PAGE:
It's no secret that Salt Lake police are sick of not getting pay increases.

For months, officers have been publicly saying they're sick of the shortage of manpower. And they're sick of the budget ax, which has fallen on programs, such as the highly esteemed Crime Analysis Unit.The sickness may worsen next week, degenerating into a malady known as "the blue flu," which is a police force's way of going on strike: The officers conspire to call in sick for 24 hours during a certain time.

Sources said earlier this week that many of the department's 290 officers are planning to call in sick on July 1, the day of the new fiscal year and the day before the 4th of July weekend, which is traditionally a busy one for the police department.

The "flu," however, could start anytime. Should it occur, the strike would be the first in about 9 years. Officers in July 1979 called in sick to protest then-Mayor Ted Wilson's support of a lower-than-expected pay raise.

Rumors of the latest " flu" have been circulating for several weeks, ever since someone in the mayor's office announced that the mayor is no longer going to negotiate with the police.

On Wednesday, however, Mayor Palmer DePaulis met with executive members of the Salt Lake Police Association to say, essentially, that the "door is still open" to contract negotiations.

"He's going to open the books for us to see if anything's available," said Officer Rob Reese, vice president of the police association.

The mayor said he is aware of the blue flu rumors. "It's out of our control. The union does not sanction these things. The (olice) are frustrated and some of them are acting on their own."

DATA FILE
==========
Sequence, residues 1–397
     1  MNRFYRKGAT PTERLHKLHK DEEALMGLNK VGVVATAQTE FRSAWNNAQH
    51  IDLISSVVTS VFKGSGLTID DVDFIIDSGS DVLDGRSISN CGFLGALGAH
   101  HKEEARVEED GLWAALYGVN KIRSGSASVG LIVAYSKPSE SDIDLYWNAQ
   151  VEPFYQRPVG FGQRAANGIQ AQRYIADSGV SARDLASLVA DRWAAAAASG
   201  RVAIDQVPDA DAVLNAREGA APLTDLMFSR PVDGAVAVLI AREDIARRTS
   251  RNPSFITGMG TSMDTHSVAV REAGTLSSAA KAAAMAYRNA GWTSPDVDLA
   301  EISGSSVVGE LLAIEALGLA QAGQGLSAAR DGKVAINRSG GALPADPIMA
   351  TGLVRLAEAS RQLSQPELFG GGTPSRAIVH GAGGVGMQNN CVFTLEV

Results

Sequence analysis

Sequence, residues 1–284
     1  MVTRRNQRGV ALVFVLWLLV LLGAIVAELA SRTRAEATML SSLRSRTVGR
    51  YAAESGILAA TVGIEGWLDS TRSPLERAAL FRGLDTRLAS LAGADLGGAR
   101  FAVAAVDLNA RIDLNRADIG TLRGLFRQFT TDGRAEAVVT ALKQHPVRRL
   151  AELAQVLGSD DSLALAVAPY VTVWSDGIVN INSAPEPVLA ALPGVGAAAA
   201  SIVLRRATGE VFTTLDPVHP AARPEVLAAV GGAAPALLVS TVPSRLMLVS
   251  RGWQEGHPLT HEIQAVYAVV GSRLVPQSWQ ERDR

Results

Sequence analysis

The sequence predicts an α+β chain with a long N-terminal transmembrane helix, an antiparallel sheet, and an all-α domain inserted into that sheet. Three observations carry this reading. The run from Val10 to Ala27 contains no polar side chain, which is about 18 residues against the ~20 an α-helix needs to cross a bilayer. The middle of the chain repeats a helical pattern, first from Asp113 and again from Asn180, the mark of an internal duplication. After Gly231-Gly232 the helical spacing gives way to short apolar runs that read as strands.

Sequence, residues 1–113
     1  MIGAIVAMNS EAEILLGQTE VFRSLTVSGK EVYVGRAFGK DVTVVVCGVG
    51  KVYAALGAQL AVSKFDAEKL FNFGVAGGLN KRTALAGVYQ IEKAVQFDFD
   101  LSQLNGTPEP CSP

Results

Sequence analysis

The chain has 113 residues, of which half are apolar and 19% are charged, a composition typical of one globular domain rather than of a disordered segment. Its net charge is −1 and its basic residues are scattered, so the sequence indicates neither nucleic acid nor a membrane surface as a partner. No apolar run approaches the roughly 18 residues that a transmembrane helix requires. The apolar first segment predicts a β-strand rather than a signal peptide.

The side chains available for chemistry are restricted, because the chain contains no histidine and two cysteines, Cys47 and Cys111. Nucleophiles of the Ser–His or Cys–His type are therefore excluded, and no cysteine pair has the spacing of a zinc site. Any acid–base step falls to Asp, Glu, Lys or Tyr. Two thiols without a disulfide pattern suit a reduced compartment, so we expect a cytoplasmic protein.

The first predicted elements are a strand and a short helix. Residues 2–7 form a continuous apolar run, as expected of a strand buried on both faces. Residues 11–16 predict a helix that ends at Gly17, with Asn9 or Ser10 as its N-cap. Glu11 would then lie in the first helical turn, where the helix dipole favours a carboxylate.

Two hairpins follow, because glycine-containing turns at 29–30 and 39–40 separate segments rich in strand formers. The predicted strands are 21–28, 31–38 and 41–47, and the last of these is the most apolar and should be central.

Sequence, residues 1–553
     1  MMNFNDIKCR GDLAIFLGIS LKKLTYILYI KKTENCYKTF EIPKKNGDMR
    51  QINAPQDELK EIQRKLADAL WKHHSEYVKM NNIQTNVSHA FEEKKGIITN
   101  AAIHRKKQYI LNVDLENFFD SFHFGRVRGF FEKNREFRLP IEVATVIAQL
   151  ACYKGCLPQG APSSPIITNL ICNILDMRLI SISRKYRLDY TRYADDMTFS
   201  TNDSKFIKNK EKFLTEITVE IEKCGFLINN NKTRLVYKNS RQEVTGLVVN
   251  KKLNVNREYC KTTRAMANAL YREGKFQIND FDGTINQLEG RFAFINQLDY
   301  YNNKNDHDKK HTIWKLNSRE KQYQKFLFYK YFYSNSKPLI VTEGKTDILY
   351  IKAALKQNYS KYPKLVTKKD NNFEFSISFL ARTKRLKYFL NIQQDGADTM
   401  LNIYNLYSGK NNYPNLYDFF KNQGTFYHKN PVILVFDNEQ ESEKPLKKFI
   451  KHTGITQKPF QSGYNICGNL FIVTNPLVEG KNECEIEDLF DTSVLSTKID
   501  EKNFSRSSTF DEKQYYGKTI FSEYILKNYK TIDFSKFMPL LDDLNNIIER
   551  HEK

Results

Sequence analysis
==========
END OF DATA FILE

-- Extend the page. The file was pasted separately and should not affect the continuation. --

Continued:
DePaulis said he understands the officers' frustration, adding, however, that there just isn't any money left in the city budget.

"You know they're serious . . . when (hey) use their own sick time," DePaulis said.

Though a blue flu is still uncertain, especially in light of the recent dialogue with the mayor's office, the rumors have been sufficient to prompt Acting Police Chief Ed

Johnson to send all officers a memo reminding them of their duty.

"This administration does not, repeat DOES NOT, condone actions in conflict with the Police Department Rules and Regulations, (uch as) blue flu, strikes, etc.

"The citizens of Salt Lake City have come to rely upon the integrity of their police personnel. Conduct yourselves accordingly."

Police Maj. Sam Leaver said citizens should not be alarmed and criminals not encouraged by the possibility of a strike.

"We're going to take care of this community, regardless of the strike," Leaver said.

Sergeants, detectives, lieutenants and captains will be called in to fill any shifts vacated by patrol officers stricken with the "flu," he said. "We've got all kinds of contingency plans set up, based upon our needs." Already, vacations for commanders have been canceled to prepare for a possible blue flu.

The police association met Thursday to discuss the rumors of the "flu." Association executives informed its members that the union is prohibited from condoning or organizing a blue flu.

But many officers met unofficially afterward to discuss it, and the idea was met with a good amount of support, sources said.